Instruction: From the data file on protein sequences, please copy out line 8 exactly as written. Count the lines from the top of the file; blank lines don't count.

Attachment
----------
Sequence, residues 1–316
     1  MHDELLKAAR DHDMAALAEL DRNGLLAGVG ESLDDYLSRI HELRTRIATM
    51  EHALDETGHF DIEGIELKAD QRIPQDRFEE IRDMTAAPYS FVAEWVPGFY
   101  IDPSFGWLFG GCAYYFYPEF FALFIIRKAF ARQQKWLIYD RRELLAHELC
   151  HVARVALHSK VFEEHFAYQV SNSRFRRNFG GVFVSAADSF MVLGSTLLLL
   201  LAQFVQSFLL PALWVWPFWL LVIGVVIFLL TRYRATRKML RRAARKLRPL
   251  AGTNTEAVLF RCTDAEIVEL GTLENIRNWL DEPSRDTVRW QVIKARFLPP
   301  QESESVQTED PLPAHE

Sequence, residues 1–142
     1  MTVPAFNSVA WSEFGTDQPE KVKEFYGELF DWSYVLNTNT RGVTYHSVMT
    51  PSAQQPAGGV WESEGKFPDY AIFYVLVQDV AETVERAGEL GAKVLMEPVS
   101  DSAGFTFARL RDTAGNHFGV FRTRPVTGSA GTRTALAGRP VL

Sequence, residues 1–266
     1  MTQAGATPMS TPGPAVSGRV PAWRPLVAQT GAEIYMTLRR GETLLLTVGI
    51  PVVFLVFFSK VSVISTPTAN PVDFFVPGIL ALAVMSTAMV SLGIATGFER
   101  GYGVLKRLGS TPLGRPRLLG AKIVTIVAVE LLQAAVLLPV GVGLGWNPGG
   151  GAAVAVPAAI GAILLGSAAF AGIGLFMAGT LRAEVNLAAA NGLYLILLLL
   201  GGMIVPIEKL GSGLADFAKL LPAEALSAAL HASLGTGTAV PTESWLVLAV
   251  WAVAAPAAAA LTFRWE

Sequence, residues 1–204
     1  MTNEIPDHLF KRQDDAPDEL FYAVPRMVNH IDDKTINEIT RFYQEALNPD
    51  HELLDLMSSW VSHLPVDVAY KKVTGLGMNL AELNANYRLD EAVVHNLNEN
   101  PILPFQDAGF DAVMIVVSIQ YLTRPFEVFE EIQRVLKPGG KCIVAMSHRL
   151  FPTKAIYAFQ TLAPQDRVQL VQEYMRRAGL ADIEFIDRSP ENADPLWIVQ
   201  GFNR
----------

   301  QESESVQTED PLPAHE